The Dress-Up Box by Patrick Guest & Nathaniel Eckstrom

Inside the CBCA Shortlist

The Dress-Up Box (Hardie Grant Egmont) is a story about home, family, friends and using your imagination.

The Frolleys rent the house next door to their best friends, the Choong family. They have a frog pond, bird bath, bamboo forest, haunted shed and a dress-up box. When the Frolleys have to move they have a picnic to farewell all the animals and the Choong family. Their new house has a tiny backyard and no front garden. Their neighbours include a creepy cat and an old opera singer. The new house does have problems but it also has “A space ship. A spooky tunnel. A pig pen. And a periscope”; as well as the family teddies, old toys and the dress-up box. These all help to make it home.

The book is illustrated in pencil, acrylics and digital media in a slightly retro style, particularly used for the characters, with plenty of white space.

Patrick Guest’s website is https://www.patrickguest.com.au/

Nathaniel Eckstrom’s website is http://www.nathanieleckstrom.com/

Story Map Create a group story map on the interactive white board or equivalent to show the Frolleys’ first house and yard. On the map use pictures, labels and arrows to show where the characters crashed through the bamboo forest, crept through the haunted shed, “fed the horses, raced frogs and spied on birds”. Children could also mime these actions.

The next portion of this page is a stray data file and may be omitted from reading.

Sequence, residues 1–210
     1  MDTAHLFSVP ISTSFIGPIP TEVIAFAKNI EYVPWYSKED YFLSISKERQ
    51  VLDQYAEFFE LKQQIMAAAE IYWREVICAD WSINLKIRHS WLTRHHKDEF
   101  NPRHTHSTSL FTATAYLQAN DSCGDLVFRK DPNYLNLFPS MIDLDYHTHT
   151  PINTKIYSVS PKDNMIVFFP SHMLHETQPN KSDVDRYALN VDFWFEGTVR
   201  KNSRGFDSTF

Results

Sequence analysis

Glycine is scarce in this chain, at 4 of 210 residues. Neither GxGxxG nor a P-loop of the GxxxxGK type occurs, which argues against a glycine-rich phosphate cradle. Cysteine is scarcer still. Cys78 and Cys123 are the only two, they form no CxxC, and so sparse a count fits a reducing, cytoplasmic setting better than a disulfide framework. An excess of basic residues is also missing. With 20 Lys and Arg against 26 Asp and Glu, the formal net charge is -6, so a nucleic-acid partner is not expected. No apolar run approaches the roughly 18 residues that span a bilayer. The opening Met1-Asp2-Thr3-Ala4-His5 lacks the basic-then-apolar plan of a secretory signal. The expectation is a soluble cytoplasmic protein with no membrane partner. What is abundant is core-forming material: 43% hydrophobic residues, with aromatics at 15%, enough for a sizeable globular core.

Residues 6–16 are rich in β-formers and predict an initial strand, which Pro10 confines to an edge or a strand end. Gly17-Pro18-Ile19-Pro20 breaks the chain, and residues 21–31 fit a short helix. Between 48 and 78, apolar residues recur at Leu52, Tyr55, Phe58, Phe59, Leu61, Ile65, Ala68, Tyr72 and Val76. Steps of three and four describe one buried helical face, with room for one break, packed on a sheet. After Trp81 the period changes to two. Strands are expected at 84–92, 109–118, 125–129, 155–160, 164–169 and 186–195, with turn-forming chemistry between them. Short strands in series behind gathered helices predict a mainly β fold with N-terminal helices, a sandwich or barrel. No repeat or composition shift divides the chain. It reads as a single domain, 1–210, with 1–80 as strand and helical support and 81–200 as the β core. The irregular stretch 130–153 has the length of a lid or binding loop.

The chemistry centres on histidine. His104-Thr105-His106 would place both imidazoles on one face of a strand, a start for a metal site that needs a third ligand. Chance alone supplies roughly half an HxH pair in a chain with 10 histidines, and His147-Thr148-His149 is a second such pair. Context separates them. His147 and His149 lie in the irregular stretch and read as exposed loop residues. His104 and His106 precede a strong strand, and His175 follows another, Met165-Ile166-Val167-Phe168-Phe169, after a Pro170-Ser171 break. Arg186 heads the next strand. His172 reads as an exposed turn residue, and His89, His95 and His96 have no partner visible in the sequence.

Dress-Up Of course, there must be a dress-up box in the library, classroom or home to feature this book. Children dress up using props and costumes. They could make some of these (particularly hats or the crown) from cardboard, as shown in the endpapers and the picture of the made costumes and toys in their new house, e.g. the periscope.

They could cut up a cereal box to make a helmet, samurai or egg hat/mask like the family wear. Or make cardboard crowns: https://www.wikihow.com/Make-a-Crown

Read The Ricker Racker Club by Guest and Eckstrom and other books by Patrick Guest, including The Second Sky and by Nathaniel Eckstrom, including The Hole Idea by Beth and Paul MacDonald and Duck by Meg McKinlay.

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